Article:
A serious problem in the world today is dealing with the rising urbanization because of economic liberalization. It has brought in economic reforms and development. In India, every minute 25 to 30 people are migrating from rural areas to different Indian cities in search of a better lifestyle and livelihood. If this continues, then India’s urban population will reach 600 million by 2030. Employment is one of the main reasons for migrations. Tier 1 cities are having the highest in-migration. Reasons for migrations vary from a highly skilled IT engineer looking for openings at the IT development centers in Bangalore or Hyderabad to a farm laborer migrating from the hinterlands of Uttar Pradesh to work at construction sites in Gurugram. You can visit a railway station or airport in tier 1 cities such as Mumbai, Bangalore, and Delhi to see a huge number of domestic travelers rushing back to their homes during festivals such as Diwali, Dussehra, Holi, Eid, etc. The annual increment in the number of people migrating has been straining big-city resources and infrastructure to a great extent. 

While reasons like better social integration, the formation of new markets and businesses are pulling more people towards the bigger cities, the disadvantages such as traffic congestion, to higher urban unemployment are making people think about alternate measures. Most of the cities are witnessing increasing pollution, overcrowded lanes, generalized security concerns and a rise in the cost of living. These factors have a negative influence on the everyday life of its citizens. For many years, rural-to-urban migration has been considered as the only known pattern of urbanized migration and this trend is supported solely by economic considerations.

But recently, some reverse trends are being noticed in many parts of the country, where people are moving from cities back to rural areas to enjoy peaceful living in rural environments. It can be justified as moving to a place where the pace of daily life is much slower when compared to Tier1 cities, where groceries are cheaper and the air is cleaner. Thus, leading to a new wave – reverse migration trend in India. Another reason for reverse migration is, sustainable usage of natural resources, since urbanization has been resulting in excessive overuse of natural resources and some of them are on the verge of depletion. Factors such as the availability of resources in Tier 2 cities, inexpensive daily commodities, rising industrial development, affordable lifestyle, real estate properties and monetary savings etc. are giving them no option but to go back to the place from where they started.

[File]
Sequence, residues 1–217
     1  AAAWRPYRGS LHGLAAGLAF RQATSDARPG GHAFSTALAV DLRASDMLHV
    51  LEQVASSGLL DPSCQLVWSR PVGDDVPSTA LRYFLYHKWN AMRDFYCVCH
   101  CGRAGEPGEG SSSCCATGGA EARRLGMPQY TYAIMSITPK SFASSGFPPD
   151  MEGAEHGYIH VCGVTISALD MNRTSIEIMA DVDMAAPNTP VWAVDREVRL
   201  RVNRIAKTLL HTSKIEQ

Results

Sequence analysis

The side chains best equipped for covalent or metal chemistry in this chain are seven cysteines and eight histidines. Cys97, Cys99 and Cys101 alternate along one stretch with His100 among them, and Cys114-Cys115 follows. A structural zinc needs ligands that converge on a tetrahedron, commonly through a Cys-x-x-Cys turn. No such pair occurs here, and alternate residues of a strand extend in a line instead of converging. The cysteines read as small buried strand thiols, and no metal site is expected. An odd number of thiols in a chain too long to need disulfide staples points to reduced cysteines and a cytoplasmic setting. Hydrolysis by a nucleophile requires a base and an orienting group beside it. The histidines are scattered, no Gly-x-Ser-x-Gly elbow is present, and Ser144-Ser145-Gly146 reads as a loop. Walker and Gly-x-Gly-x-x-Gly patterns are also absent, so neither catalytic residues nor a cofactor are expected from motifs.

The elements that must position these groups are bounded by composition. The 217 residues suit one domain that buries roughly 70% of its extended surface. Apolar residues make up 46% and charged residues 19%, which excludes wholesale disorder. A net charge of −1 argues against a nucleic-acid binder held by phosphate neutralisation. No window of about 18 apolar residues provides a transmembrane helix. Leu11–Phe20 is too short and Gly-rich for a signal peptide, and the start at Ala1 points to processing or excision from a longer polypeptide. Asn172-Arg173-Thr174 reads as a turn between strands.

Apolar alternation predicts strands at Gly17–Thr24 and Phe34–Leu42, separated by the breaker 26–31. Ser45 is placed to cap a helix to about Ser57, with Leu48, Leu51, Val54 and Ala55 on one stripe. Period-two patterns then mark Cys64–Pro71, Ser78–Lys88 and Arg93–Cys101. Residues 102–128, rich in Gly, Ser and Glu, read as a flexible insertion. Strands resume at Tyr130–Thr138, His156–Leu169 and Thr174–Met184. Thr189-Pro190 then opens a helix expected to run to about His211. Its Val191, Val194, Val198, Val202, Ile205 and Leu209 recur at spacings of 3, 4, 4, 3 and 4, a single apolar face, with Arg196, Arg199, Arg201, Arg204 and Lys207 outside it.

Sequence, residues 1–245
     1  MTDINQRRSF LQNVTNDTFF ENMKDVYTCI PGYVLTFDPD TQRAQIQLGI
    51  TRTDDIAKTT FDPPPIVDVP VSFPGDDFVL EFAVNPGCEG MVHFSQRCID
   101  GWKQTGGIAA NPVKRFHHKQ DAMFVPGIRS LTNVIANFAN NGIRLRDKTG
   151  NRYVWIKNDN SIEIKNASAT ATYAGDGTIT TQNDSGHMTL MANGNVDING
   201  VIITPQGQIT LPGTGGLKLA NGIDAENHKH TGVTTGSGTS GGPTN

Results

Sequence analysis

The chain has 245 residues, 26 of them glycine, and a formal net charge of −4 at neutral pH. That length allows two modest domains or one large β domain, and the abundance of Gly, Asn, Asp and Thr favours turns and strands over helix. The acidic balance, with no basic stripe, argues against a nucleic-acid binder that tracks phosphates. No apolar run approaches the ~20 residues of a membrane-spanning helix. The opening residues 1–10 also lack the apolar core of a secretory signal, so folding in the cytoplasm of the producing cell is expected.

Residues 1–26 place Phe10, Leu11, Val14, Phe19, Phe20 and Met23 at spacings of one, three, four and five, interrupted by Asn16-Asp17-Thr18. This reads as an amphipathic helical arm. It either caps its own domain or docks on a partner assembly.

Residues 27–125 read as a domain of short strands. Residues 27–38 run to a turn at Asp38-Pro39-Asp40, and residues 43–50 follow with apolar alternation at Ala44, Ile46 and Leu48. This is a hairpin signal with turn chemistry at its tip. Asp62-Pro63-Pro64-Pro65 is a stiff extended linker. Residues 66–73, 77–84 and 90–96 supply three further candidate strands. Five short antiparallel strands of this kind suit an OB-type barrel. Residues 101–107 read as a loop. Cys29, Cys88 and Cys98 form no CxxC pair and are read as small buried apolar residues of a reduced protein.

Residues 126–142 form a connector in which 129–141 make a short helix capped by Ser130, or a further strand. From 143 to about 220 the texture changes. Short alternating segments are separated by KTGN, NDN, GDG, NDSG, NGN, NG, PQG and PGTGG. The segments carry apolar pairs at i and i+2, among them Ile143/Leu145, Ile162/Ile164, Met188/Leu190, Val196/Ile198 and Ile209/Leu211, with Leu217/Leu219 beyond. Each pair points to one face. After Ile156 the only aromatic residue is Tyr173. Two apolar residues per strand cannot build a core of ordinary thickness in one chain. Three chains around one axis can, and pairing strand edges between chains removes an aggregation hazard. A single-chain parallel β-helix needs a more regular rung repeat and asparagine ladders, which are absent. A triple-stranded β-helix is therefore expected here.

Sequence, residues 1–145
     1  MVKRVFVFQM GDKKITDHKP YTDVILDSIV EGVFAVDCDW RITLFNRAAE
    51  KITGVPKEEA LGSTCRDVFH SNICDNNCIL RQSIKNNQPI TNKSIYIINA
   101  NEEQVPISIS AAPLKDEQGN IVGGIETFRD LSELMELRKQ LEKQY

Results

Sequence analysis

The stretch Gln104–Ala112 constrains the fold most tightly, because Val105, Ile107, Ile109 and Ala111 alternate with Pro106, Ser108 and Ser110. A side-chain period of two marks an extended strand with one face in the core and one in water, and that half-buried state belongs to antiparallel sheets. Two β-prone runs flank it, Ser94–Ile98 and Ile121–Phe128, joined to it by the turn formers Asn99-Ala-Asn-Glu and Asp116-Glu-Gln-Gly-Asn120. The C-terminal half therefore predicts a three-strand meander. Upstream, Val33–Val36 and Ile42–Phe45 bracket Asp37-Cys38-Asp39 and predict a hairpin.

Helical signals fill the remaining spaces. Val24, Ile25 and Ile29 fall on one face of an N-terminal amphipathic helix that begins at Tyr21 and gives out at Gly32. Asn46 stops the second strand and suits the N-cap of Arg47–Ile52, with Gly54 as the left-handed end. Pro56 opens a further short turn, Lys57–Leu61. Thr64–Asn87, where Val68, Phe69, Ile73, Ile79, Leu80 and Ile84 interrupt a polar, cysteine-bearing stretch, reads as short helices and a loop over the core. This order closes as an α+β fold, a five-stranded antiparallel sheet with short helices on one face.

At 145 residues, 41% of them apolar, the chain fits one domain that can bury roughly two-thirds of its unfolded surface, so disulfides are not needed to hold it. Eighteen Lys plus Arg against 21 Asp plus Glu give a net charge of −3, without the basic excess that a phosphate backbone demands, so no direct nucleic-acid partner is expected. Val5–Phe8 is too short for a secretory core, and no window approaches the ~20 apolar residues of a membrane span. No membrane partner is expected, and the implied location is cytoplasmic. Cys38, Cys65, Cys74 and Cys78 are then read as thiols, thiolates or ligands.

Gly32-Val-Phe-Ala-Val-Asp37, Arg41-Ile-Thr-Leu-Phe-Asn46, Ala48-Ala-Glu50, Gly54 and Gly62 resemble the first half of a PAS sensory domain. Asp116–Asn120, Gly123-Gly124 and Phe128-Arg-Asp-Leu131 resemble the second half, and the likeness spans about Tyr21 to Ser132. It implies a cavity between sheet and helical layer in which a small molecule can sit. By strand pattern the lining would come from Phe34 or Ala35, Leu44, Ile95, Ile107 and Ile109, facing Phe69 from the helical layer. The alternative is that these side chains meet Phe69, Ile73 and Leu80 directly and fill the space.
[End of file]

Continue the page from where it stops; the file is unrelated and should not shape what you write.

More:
The Indian government has initiated many steps to promote reverse migration, such as:

1. Saansad Adarsh Gram Yojana: This is a concept of providing rural areas with urban amenities thus, promoting rural economic development in India. This was proposed by our Late President Dr. APJ Abdul Kalam

2. DWCRA – ‘Women empowering scheme”: loans are provided at cheaper interest rates for women and also help them get trained with some self-employment skills like tailoring, candle production, etc.

3. Affordable Housing scheme:  An aim to provide affordable housing for everyone. 

In 2015, our honorable Prime Minister launched the ‘Housing for All’, a home loan scheme to help every section of the society have their own house. This scheme was launched for the Economically Weaker Section, Lower and Middle Income Group wherein an interest subsidy is provided on the purchase, the construction, the extension and the improvement of the house with a 6.5% interest subsidy rate up-to 20 years. The variation of the interest rates depends on the income of the individual. 

The above-mentioned reasons finally contributed to the recently initiated ‘Smart City Project’ by the government of India. One optimistic prediction was that India’s urbanization rate would increase over 60% in the next 30 years and a 7-9% rate of economic growth is expected as per the analysis made by  Niti Ayog. This prediction came true between the 2001 and 2011 census. The urbanization went up from 27.8% to 31.1%. 

But the recent figures show that India’s urbanization pace has slowed down. A graph to support the statement 

Smart cities: The transformation of some specifically chosen Tier 2 cities into smart cities, wherein this transformation will boost the Indian economy and help India revive itself in terms of Industrial growth.

For example: ‘Tumakuru’ is a city located 70 km away from Bangalore and is one of the fastest developing regions in the area and has qualified for the Smart city mission. The smart city mission is to provide smart transit, better transportation, safety enabled and green infrastructure. The city already has good luxury housing which includes mid-segment homes and affordable homes, transport connectivity, excellent educational institutes, good social infrastructure, and availability of civic amenities like, shopping malls, hospitals, nature cure hospitals and banks.

The trend of reverse migration from Bangalore to Tumakuru will be a blessing in disguise, it will decongest Bangalore city. 

Reverse migration will ease down the density of the population in urban areas. But if more and more people start migrating back to rural areas the same scenario will reproduce, so the major concern here is the huge population growth.